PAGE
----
- Individuals who receive minimum qualifying health insurance coverage are provided with Form 1095-B by their insurance company.
- Form 1095-B contains information such as the health insurance coverage, effective coverage dates, individuals covered, and the coverage provider, and it's used to confirm that the taxpayer had health insurance coverage.
- Form 1095-B is not returned to the IRS; instead, taxpayers should retain the form for their personal records.
- Insurance cards, explanation of benefits statements from your insurer, W-2, or payroll statements reflecting health insurance deductions can be used to fill out health care information on your tax form.
How Does Form 1095-B Work?
IRS Form 1095-B: Health Coverage is a form insurance carriers provide to insured individuals during tax season. Form 1095-B contains information such as the health insurance coverage, effective coverage dates, individuals covered, and the coverage provider. It’s used to confirm to the IRS that the taxpayer had health insurance coverage.
The Affordable Care Act (ACA) that passed in 2010 includes an Individual Shared Responsibility Provision, also known as the Individual Mandate, which fines individuals lacking insurance coverage.
You were once required, with some exceptions, to demonstrate health insurance coverage for each month of the previous year. Insurance providers, therefore, would issue Form 1095-B to confirm enrollment of minimum essential coverage through either an insurance provider or a self-insured employer.
In 2019, the Tax Cuts and Jobs Act eliminated the Individual Mandate penalty. Nevertheless, insurance carriers continue to provide Form 1095-B to taxpayers.
You don’t need to return Form 1095-B to the IRS. Instead, keep the form for your records and confirm your health care coverage to the IRS by checking a box on your tax return.
Who Uses Form 1095-B?
Health insurance carriers provide Form 1095-B to taxpayers who were enrolled in a minimum essential coverage health insurance plan through either a government program, insurance provider, or a self-insured employer. Medicare Part A is an example of a minimum essential coverage plan.
Types of Form 1095
Aside from form 1095-B, individuals who are insured through an insurance provider or self-insured employer may receive other types of Form 1095. Here are the three main 1095 forms:
|Form||What It’s Used For|
|Form 1095-A||Sent by marketplace providers to individuals enrolled in a qualified health plan via the health insurance marketplace|
|Form 1095-B||Sent by health insurance providers to individuals for whom they provide minimum essential coverage|
|Form 1095-C||Sent by health insurance providers to individuals provided health care from an employer who has 50 or more employees|
Health insurance marketplace carriers provide Form 1095-A to individuals covered under one of their plans. You can use this form to fill out Form 8962 for a Premium Tax Credit, which is a refundable tax credit that lowers your monthly premiums.
Health insurance carriers provide Form 1095-B to individuals they insure to confirm you received minimum essential coverage under the Affordable Care Act (ACA).
Form 1095-C is provided to taxpayers who work for an organization with 50 or more employees. It may be provided instead of or in addition to Form 1095-B.
Where To Get Form 1095-B
Your insurance provider will send you Form 1095-B if it applies to your situation. Not everyone will receive Form 1095-B. Many receive health insurance coverage through an employer, so they would instead receive Form 1095-C.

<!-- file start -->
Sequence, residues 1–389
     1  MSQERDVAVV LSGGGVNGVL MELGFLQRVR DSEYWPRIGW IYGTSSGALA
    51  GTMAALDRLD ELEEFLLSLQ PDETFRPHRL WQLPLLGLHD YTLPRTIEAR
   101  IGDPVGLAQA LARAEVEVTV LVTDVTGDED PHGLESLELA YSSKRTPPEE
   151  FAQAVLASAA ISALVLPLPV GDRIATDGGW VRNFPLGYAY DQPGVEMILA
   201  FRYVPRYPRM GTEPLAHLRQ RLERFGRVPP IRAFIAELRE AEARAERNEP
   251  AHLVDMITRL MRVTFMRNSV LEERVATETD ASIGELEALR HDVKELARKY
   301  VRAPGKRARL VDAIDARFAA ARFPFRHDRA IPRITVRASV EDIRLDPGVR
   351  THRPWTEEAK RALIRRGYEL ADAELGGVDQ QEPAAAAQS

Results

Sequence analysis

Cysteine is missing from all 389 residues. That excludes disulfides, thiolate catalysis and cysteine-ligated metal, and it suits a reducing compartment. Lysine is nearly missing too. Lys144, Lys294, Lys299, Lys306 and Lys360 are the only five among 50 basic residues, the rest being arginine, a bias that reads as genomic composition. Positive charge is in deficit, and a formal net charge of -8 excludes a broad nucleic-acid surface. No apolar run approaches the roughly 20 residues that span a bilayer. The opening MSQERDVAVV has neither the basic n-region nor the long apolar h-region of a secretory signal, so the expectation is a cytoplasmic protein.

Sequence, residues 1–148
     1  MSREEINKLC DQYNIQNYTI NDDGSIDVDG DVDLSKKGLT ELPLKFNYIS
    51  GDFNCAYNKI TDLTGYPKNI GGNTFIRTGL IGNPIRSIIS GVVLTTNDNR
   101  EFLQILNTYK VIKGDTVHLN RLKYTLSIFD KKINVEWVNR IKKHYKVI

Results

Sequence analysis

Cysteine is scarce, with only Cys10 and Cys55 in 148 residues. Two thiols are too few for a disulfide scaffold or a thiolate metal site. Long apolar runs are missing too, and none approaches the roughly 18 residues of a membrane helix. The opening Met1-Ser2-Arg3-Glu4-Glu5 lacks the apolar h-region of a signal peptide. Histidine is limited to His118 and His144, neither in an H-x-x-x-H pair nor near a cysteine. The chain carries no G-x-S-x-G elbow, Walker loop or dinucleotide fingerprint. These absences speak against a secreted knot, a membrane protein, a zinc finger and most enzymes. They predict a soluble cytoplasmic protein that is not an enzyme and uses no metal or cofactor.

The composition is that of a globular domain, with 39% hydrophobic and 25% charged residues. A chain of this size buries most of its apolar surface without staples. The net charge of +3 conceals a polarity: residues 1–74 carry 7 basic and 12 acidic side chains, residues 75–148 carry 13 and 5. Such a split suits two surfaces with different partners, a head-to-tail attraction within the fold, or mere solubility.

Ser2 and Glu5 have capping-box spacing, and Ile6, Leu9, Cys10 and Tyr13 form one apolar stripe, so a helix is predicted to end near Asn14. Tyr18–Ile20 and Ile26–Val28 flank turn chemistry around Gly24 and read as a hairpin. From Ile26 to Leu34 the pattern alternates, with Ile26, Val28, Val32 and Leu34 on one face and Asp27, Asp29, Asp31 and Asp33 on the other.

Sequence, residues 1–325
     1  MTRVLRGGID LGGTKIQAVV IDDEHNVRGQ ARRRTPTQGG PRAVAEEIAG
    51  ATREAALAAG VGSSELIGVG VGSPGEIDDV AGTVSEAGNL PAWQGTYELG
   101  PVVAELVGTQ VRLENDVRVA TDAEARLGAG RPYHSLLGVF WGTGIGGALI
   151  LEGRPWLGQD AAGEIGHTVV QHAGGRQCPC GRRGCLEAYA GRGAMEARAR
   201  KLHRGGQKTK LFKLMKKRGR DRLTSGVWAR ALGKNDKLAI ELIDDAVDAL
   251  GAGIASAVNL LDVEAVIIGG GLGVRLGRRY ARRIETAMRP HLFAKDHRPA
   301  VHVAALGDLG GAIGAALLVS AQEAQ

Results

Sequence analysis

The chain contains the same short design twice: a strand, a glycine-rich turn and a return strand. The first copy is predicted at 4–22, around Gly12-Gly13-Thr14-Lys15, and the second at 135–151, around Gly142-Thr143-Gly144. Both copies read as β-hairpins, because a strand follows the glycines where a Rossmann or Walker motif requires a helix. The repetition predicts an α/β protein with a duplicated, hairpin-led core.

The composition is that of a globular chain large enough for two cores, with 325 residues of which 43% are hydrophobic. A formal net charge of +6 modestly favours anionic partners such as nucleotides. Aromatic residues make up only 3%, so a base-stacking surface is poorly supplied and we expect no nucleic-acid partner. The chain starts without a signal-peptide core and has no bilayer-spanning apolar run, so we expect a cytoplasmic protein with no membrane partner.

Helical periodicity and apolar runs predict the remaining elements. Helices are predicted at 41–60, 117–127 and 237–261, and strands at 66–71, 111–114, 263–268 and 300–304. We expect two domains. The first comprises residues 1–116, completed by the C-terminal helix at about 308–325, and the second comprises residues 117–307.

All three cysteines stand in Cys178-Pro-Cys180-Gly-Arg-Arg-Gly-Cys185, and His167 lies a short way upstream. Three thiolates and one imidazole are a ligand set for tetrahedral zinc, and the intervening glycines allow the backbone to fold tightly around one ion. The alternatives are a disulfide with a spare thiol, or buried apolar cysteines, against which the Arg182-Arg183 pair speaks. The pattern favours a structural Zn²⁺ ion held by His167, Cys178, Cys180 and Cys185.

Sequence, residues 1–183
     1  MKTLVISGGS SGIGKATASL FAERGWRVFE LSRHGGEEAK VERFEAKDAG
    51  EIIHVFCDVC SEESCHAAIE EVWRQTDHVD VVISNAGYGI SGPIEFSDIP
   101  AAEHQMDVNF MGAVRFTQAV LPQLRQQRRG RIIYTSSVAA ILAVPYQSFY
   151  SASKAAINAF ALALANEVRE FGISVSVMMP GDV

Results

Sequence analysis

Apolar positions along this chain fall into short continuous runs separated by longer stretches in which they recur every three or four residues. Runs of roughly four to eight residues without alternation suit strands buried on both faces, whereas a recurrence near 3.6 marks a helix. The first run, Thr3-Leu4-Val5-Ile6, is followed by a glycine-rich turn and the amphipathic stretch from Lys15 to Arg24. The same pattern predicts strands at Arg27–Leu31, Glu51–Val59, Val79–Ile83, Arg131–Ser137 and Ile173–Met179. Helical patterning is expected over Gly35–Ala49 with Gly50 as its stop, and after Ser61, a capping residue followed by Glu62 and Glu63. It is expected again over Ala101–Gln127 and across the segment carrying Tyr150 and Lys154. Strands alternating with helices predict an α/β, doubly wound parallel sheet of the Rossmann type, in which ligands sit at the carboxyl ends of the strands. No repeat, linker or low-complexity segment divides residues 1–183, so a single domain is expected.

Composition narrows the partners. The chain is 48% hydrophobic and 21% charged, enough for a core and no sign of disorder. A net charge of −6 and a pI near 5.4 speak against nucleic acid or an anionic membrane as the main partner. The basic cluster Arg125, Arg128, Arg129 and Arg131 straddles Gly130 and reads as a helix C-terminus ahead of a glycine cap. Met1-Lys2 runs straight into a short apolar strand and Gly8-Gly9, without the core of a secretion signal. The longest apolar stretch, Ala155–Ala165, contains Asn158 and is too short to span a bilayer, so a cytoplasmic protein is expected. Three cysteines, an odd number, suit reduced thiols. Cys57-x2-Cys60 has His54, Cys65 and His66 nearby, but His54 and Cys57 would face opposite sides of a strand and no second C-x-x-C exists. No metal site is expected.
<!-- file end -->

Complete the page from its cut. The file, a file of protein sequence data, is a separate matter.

What To Do if You Don’t Receive Form 1095-B
You can file taxes even if you did not receive form 1095-B. Other documentation can be used instead of Form 1095-B to prepare your tax return.
Documents you can use in lieu of the form include insurance cards, explanation of benefits statements from your insurer, or W-2 or payroll statements reflecting health insurance deductions. You don’t need to return Form 1095-B to the IRS.
How To Fill Out and Read Form 1095-B
Form 1095-B is completed by your insurance provider. You do not need to fill it out yourself. The form will contain information about your insurance provider, the type of coverage you had, and the months in which you had this coverage.
You Don't Need To File Form 1095-B
You also need not return the form to the IRS, but you should retain the form for your personal records.
However, you should provide the information included on Form 1095-B, or acknowledge that you have received the form, on your federal tax return. You can do this by checking the appropriate box on your Form 1040 indicating how long you were covered throughout the tax year.
Frequently Asked Questions (FAQs)
What should I do if I lost my Form 1095-B?
You do not need to use Form 1095-B to file your tax returns. You may hold onto the form if you wish, but you don't need to track down another copy if you lose it.
What's the difference between Form 1095-A and Form 1095-B?
Form 1095-A covers individuals who receive coverage through the health insurance marketplace. It's used to reconcile any differences between the advance premium tax credit, which is an estimate, and the actual tax credit you're due based on your final income calculations. Form 1095-B covers minimum essential coverage, such as Medicare Part A and Medicaid.
Internal Revenue Service. “About Form 1095-B, Health Coverage.”
Internal Revenue Service. “Individual Shared Responsibility Provision.”
Internal Revenue Service. “Instructions for Forms 1094-B and 1095-B.”
Internal Revenue Service. “1095-A.”
Internal Revenue Service. “Premium Tax Credit (PTC).”
Internal Revenue Service. “2021 Form 1095-C.”
Internal Revenue Service. “Questions and Answers About Health Care Information Forms for Individuals.”
Internal Revenue Service. "About Form 1095-A, Health Insurance Marketplace Statement."